In the EU, when it comes to the use of military force, the necessary consensus is often lacking. Security interests and the perception of threats differ immensely across the bloc. And decisions at the Council level are taken by unanimity. In case a rapid response is required, would the EU be capable of reacting militarily? Decision-making procedures for joint action are lengthy and no previous EU-endorsed combat operation has been recorded. However, the EU could overcome its frequent disagreements on matters of foreign and security policy if it mandated operations by coalitions of willing member-states through Article 44, the only element in the EU treaties granting rapid intervention.
The brutal aggression Russia perpetuated in Ukraine represents a crucial test for the Union. It has been said that President Putin achieved the impossible: breathing new life into the EU by uniting a bloc that has never felt this strong. Nonetheless, some countries seem to be dragging their feet as time and sanctions go on. The displayed unity of purpose and the shared intention to counter Moscow’s expansionism – shown through the latest threat analysis run by the EU’s Strategic Compass – will have to be turned into action where necessary. Who would come together if Russia were to pose further threats? Most probably, NATO countries would take action. However, according to the brand-new strategic vision laid out in the Compass, the EU plans to act geopolitically while seeking strategic autonomy. After having warned Washington that “cooperation is not dependence”, could Brussels do it on its own?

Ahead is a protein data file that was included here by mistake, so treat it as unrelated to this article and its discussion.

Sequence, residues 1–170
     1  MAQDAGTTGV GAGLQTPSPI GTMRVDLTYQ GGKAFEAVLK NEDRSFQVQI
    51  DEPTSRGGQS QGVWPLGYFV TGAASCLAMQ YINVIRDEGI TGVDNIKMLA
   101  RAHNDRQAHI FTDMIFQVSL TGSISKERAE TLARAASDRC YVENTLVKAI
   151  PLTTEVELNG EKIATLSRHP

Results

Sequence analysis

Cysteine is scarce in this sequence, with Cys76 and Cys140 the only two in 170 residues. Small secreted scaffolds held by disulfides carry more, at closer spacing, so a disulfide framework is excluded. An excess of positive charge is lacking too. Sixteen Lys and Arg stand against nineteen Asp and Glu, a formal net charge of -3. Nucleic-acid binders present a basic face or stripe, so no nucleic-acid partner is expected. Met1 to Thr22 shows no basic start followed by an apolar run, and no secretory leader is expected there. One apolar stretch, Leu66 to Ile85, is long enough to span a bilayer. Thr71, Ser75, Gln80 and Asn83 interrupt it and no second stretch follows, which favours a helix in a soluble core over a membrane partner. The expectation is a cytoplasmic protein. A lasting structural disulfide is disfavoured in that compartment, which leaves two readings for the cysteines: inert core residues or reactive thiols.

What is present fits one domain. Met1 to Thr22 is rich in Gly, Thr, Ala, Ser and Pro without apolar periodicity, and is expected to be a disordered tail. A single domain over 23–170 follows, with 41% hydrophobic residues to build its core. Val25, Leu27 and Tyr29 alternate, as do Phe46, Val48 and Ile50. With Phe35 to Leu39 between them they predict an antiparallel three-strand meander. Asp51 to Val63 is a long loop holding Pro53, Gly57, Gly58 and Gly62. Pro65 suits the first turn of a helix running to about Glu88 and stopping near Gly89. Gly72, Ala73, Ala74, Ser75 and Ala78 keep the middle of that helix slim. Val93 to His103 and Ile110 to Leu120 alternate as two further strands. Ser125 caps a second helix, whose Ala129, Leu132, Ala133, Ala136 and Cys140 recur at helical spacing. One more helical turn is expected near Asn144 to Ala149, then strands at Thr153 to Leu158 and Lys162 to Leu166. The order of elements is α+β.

Scazzieri, L. (2022). Could EU-endorsed ‘coalitions of the willing’ strengthen EU security policy? Centre for European Reform.
 Conclusions of the European Council meeting of 24-25 March 2022. Debate: Guy Verhofstadt (Renew).
 The New York Times. (2021). Macron Tells Biden That Cooperation With U.S. Cannot Be Dependence. January 29.